U.S. Army researchers have devised a method to produce ceramic body armor, lightweight but strong, from a 3-D printer. Except that 3-D printers are meant to print out knickknacks, not flak jackets. Which meant that engineers had to hack into the printer to get the job done.
Ceramic armor, light but hard, provides great protection but can also be difficult to manufacture, notably in combining materials to create a strong com composite. “For ceramics, that’s a bit of a challenge because with you can’t really do a one-step additive manufacturing process like you could if a metal or a polymer,” said Lionel Vargas-Gonzalez, a researcher at the Army Research Laboratory.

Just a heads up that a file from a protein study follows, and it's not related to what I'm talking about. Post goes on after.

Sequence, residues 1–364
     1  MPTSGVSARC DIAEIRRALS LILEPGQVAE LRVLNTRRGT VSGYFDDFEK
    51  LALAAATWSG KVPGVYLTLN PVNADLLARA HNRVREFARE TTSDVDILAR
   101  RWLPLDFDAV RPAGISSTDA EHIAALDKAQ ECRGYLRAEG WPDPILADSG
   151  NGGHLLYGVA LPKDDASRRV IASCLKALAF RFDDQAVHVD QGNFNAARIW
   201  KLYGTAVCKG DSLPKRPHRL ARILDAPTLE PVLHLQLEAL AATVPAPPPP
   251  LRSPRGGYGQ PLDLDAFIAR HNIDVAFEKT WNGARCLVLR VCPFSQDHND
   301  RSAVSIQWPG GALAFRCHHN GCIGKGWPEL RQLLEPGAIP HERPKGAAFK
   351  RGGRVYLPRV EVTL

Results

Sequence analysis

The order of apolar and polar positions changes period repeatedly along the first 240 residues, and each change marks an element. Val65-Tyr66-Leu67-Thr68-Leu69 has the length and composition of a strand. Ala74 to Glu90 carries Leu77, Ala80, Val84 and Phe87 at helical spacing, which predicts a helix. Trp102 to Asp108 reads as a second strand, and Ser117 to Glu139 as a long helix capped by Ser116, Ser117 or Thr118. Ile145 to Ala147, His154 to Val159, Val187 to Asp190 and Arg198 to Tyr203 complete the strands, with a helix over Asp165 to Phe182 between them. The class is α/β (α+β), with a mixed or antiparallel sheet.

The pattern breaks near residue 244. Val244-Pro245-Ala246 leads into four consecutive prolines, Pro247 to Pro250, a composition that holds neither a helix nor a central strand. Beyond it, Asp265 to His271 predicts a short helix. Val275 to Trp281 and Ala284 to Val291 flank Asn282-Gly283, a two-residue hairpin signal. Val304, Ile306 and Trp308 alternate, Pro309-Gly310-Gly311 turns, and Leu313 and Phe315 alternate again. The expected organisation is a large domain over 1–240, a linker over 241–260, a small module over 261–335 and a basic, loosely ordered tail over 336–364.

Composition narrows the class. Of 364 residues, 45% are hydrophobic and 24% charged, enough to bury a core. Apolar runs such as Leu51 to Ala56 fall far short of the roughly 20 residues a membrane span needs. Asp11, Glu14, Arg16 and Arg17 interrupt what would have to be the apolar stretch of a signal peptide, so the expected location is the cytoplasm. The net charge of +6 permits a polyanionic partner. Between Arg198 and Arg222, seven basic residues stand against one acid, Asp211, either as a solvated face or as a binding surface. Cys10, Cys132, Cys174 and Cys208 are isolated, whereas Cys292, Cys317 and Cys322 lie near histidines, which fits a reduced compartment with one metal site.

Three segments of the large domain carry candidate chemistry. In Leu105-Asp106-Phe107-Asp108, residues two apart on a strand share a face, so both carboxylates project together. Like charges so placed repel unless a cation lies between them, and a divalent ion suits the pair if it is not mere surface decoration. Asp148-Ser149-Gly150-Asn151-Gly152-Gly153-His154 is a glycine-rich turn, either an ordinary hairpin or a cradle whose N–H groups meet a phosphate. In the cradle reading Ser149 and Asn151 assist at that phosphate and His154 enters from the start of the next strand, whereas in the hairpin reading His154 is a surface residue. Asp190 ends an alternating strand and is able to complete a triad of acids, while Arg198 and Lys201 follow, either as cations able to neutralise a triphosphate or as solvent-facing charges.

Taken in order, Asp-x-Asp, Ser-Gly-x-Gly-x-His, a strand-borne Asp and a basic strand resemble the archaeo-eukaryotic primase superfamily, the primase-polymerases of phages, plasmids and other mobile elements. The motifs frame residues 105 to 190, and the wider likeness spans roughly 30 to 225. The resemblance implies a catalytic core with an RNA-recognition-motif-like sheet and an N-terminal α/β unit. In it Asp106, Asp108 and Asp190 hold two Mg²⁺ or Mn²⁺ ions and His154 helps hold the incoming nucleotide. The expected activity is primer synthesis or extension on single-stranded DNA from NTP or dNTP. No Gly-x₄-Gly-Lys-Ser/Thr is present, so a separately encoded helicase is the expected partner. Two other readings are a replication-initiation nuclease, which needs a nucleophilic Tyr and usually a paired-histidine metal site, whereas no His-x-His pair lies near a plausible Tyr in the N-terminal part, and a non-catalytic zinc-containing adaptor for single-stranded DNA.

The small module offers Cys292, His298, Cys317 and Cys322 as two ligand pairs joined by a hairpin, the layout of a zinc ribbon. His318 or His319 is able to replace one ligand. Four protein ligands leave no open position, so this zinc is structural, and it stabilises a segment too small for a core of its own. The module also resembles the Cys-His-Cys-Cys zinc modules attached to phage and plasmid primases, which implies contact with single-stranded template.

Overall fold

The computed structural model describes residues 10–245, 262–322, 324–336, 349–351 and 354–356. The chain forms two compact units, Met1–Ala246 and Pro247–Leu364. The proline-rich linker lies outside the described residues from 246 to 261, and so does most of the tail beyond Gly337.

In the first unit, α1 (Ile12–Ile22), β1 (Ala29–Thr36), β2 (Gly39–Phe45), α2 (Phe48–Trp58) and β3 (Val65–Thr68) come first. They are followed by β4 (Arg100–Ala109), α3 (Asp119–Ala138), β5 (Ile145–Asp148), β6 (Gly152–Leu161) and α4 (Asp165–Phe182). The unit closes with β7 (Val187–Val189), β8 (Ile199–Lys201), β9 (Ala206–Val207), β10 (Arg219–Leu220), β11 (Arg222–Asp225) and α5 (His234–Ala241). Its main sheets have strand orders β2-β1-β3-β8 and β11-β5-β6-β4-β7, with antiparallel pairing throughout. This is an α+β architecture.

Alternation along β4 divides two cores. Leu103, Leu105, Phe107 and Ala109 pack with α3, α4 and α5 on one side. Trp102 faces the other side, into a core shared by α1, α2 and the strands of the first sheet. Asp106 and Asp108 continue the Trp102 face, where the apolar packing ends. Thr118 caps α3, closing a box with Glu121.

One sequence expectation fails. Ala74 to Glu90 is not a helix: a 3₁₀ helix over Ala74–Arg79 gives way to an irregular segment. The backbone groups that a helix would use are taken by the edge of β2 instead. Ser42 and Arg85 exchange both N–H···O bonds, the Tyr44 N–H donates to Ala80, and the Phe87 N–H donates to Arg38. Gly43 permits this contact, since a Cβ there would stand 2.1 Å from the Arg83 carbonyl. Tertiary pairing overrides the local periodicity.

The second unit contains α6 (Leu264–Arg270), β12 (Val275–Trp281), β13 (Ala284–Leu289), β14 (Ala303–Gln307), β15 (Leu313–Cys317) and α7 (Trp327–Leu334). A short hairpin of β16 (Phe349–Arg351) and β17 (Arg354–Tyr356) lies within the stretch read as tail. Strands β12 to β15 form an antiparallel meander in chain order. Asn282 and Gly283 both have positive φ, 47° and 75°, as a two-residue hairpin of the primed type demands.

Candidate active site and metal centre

Ceramic armor stops bullets by shattering them or reducing their penetrative ability, but this depends on how porous the ceramic is. Ceramic armor can achieve “something that’s about 99 to 100 percent fully dense,” Vargas-Gonzalez said, and that density is important because “porosity is one of the main deficiencies of ceramic armor when it comes to being able to withstand threats.”
Vargas-Gonzales sees 3-D printer ceramics as the “next avenue for armor because we’re going to be able to, in theory, design armor in a way that we can attach multiple materials together into a single armor plate, and be able to provide ways for the armor to perform better than it can be just based on one material alone.”